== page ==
State of Elections

William & Mary Law School | Election Law Society

Tag: voter access

A Proposed South Carolina Bill to Continue COVID-19 Expansion of Voting Accessibility

By: Anna Miller

In February 2021, the South Carolina House of Representatives began to consider several fundamental changes to the voting process through the general reform bill, H. 3822. As the temporary measures adopted in response to the COVID-19 pandemic have expired, representatives have debated extending and even expanding these measures. Reform proponents argued in support of increasing accessibility to absentee voting, including eliminating the requirement that the absentee voter sign their ballot in the presence of a witness, and then get that witness to also sign the ballot. This bill seeks to codify that change and to further increase ease of access to absentee voting. For example, absentee voters would no longer be required to provide a reason for casting their ballot from outside the state- the bill would completely repeal Section 7-15-320 of the 1976 Code, which provided a list of approved reasons for casting an absentee ballot.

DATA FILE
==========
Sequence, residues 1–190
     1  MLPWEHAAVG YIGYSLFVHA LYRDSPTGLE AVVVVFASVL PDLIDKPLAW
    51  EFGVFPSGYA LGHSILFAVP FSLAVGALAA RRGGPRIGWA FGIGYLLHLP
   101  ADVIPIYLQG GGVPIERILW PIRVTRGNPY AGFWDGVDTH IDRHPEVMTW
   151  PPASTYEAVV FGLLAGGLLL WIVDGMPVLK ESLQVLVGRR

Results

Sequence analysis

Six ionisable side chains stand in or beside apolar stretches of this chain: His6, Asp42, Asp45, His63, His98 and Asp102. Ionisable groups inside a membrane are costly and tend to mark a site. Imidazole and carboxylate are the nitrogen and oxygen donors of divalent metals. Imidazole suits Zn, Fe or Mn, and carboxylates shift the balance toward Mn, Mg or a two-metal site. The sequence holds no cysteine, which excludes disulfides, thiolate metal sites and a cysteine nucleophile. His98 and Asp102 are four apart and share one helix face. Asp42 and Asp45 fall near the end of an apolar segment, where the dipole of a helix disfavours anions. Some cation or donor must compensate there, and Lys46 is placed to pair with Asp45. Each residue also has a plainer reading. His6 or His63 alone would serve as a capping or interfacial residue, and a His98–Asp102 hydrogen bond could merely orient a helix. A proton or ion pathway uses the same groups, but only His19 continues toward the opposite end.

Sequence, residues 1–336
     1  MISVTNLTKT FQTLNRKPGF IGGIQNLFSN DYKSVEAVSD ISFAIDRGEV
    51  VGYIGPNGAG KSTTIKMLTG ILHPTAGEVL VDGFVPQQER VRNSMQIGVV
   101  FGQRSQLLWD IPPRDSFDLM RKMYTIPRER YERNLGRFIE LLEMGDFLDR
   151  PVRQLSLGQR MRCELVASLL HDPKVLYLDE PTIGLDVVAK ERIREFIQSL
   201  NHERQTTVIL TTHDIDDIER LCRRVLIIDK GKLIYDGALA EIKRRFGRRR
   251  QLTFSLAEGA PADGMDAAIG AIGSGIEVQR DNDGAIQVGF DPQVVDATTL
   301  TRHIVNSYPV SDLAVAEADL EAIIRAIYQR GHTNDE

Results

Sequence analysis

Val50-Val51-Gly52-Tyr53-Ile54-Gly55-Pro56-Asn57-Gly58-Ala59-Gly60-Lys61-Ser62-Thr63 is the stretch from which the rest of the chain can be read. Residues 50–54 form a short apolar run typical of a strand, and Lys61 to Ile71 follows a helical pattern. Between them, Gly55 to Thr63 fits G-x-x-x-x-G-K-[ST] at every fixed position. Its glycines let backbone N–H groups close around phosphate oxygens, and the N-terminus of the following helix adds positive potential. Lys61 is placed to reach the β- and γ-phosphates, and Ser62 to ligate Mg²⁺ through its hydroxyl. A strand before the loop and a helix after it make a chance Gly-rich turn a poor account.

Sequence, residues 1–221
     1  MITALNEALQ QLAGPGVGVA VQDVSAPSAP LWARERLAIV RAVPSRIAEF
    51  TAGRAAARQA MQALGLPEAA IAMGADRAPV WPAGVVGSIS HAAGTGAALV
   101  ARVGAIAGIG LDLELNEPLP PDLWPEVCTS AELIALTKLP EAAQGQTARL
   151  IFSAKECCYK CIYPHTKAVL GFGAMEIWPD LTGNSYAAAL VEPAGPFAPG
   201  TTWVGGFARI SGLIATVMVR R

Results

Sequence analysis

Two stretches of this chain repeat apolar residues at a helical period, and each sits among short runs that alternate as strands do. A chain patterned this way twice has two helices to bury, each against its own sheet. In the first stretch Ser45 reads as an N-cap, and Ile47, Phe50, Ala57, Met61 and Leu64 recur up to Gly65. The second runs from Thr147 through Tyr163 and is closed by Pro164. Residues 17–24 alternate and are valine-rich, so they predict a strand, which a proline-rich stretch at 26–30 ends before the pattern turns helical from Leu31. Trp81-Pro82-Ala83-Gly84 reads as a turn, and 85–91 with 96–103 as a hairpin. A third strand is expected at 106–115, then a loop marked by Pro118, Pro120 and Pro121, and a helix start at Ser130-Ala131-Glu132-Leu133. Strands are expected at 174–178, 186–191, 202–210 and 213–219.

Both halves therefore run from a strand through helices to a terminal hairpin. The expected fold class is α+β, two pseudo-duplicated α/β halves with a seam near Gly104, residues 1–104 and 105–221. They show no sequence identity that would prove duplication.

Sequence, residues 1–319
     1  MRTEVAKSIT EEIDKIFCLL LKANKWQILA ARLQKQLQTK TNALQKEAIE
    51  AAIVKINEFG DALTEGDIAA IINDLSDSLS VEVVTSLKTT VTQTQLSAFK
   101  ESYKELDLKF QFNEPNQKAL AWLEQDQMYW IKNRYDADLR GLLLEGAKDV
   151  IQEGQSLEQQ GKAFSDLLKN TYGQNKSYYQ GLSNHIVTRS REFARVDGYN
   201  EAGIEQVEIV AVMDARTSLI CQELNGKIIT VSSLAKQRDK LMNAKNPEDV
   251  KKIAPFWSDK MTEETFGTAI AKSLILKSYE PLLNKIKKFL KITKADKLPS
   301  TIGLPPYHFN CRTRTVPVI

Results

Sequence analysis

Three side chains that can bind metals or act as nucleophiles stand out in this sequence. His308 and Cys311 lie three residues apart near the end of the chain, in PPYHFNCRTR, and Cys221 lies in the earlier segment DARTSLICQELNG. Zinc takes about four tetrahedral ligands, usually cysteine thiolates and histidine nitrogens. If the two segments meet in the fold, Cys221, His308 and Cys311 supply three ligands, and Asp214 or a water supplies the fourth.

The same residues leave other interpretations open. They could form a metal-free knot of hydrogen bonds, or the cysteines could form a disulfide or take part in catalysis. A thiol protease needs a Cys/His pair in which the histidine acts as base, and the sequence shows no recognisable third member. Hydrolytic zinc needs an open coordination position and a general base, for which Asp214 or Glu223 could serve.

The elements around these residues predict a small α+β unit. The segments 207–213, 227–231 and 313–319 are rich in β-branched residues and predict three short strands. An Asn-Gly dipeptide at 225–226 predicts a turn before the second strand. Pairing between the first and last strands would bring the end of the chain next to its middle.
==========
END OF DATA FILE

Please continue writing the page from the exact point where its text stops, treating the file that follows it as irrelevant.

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Voter’s Choice: The New Way to Vote

By : Elizabeth Harte

As the nation works to achieve a balance between election security and access to voting, California is rolling out a new system designed to “modernize elections.” Entitled “California’s Voter’s Choice Act,” the act was passed in 2016 and will become available for all counties to adopt in 2020. This extraordinary plan moves voting into the twenty-first century and does away with traditional, assigned voting places. In their stead, Californian counties that opt into the act will implement “vote centers.” These centers will serve as an all-purpose stop for Californians to ensure their voices are heard. For example, instead of the typical assignment to one polling place in their county, a Los Angeles County resident will be able to visit any center in their county most convenient to them and can do so up to ten days before the election. At a center, the said Angeleno can: “vote in person; drop off their ballot; get a replacement ballot; vote using an accessible voting machine; get help and voting material in multiple languages; [and] register to vote or update their voter registration.”

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